Chen and colleagues published a systematic review in 2011 of various treatments for Dupuytren’s contracture. (3) Studies published through December 2010 were examined and included 4 prospective studies (including 2 randomized studies) on collagenase injections, 6 studies on open partial fasciotomy (including 2 randomized studies) and 3 studies on needle aponeurotomy. Sample sizes for all of the studies included in the review ranged from 13–261 patients. The authors found recurrence rates for collagenase injections (mean follow-up times of 120 days to 4 years) ranged from 10–31%. Needle aponeurotomy had the highest recurrence rates of 50-58% (mean follow-up of 3-5 years), which were significantly higher than the open partial fasciectomy recurrence rates of 12–39% (mean follow-up time of 1.5–7.3 years). Additionally, open partial fasciectomy recurrence rates were significantly higher than collagenase injection. Complications occurred most often with open partial fasciectomy, although 2 cord ruptures were reported with collagenase injection. The authors concluded further studies are needed to understand the long–term outcomes of these interventions and how to address contracture recurrence. It was also noted that it is unclear whether collagenase injection can be used for Dupuytren’s revision.

In 2009, Hurst and colleagues published results from CORD I, a randomized, double-blind placebo-controlled, multicenter trial (16 sites) of collagenase clostridium histolyticum for Dupuytren’s contracture with 308 subjects with joint contractures of 20 degrees or more. (4) This study was included in the Chen review described above. (3) Joints were stratified according to type (metacarpophalangeal [MCP] joints or proximal interphalangeal joint [PIP]) and severity of contracture and randomly assigned in a 2:1 ratio to receive up to 3 injections of either collagenase or placebo in the contracted collagen cord at 30-day intervals. Secondary and tertiary joints were identified for possible subsequent injections. Joints were manipulated one day after injection if necessary. The primary endpoint was reduction in contracture to 0–5 degrees of full extension 30 days after last injection. Twenty-six secondary endpoints were also evaluated. Recurrence of contracture was defined as an increase in joint contracture equal to or greater than 20 degrees and was considered an adverse event. Efficacy results were based on 306 primary joints: 203 injected with collagenase and 103 injected with placebo. In the collagenase-treated group, 130 of 203 (64%) cords met the primary endpoint versus 7 of 103 (6.8%) placebo-injected cords (p<0.001). More than half of the collagenase-injected joints that did not meet the primary endpoint did not receive the maximum allowable number of injections, most commonly because a cord could not be palpated or the patient was satisfied with the result. Median time to reach the primary endpoint for collagenase-treated joints was 56 days. At the 90-day visit, there was no recurrence of contracture in collagenase-treated primary joints that had reached the primary endpoint.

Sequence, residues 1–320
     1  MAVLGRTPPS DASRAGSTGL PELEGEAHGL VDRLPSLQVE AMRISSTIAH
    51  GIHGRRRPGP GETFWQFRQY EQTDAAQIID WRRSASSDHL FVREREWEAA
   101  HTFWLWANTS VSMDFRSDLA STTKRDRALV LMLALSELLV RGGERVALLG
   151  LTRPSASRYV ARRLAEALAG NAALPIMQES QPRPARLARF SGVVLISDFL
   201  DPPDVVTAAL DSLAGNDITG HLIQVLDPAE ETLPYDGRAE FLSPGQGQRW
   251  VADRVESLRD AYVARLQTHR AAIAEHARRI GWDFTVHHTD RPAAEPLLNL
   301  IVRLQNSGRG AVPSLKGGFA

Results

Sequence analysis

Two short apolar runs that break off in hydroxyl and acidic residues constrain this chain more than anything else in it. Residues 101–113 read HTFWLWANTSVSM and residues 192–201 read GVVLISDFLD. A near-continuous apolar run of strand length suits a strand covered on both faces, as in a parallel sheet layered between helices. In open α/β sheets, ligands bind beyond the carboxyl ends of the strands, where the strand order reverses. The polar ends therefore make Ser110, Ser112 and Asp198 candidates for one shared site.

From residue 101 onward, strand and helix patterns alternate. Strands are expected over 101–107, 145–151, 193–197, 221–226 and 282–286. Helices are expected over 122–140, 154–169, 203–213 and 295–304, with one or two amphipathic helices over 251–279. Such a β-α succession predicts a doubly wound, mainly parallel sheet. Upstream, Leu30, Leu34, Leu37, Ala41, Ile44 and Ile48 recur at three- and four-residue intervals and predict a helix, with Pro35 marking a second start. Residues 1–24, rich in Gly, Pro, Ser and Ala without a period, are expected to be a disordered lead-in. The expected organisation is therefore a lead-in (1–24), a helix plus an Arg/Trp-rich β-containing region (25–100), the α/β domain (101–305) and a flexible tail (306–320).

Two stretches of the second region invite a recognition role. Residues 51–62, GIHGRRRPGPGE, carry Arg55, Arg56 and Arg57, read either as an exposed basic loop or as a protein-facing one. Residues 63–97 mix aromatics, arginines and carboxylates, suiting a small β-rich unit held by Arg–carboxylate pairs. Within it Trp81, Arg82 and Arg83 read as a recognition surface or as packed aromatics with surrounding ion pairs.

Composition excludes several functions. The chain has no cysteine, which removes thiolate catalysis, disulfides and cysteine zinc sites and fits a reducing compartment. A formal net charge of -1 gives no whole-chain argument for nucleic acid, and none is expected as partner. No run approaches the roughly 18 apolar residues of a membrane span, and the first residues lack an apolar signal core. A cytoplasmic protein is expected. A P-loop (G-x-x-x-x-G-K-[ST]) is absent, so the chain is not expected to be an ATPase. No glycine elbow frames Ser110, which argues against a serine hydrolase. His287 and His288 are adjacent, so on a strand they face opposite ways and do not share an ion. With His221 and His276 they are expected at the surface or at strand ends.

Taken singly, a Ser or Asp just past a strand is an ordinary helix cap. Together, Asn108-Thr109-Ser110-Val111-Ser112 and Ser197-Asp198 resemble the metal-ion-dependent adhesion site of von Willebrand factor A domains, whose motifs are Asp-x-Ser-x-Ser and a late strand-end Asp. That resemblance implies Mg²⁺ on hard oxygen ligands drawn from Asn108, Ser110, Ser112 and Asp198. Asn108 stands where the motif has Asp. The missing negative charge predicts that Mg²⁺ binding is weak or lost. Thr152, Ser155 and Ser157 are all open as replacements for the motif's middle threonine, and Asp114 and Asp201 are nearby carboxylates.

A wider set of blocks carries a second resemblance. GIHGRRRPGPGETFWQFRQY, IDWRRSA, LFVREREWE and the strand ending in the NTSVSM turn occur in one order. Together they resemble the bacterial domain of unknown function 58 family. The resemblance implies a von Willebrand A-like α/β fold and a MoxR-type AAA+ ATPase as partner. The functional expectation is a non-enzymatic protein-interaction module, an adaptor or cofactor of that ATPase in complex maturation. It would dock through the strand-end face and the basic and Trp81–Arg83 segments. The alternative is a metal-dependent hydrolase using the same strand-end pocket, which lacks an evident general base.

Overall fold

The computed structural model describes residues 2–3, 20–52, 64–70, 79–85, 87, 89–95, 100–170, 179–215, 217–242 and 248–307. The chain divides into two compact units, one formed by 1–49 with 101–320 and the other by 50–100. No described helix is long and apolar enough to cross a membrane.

When analyzed by joint type, more collagenase-treated joints achieved the primary endpoint than placebo (MCP 76.7% vs. 7.2% and proximal PIP joint 40.9% vs. 5.9%, both respectively) (p<0.001 for both comparisons). The mean change in contracture from baseline to 30 days after last injection was 48.0 to 7.2 degrees in the collagen-injected MCP joints and 45.4 to 43.1 degrees in the placebo-injected MCP joints. Thirty days after last injection, 84.7% of collagenase-injected joints versus 11.7% of placebo-injected joints showed clinical improvement. Results were better in MCP joints than in PIP joints: 94.0% versus 67.1%, respectively, in the collagenase group and 11.6% versus 11.8%, respectively, in the placebo group. Overall, 96.6% of patients who received collagenase reported at least one treatment-related adverse event. They had significantly more injection- and manipulation-related events, such as contusion, hemorrhage, injection-site pain, upper extremity pain, and lymphadenopathy (p≤0.02), than patients who received placebo injection. Most were mild or moderate in intensity; however, 20 patients in the collagenase group and 2 in the placebo group reported events that were severe in intensity. Three severe adverse events were considered to be treatment related: a case of complex regional pain syndrome and 2 tendon ruptures, both requiring surgical procedures. The authors note that the timeframe of this study was insufficient to assess recurrence, and they could not make any claims about this outcome.

In a letter to the editor in response to publication of the study, Holzer and Holzer comment that successful treatment of Dupuytren’s disease correlates with the percentage of excised Dupuytren’s tissue and the extent of the intervention. (5) They caution that the value of collagenase injection must be confirmed in a long-term follow-up study that focuses on the recurrence rate.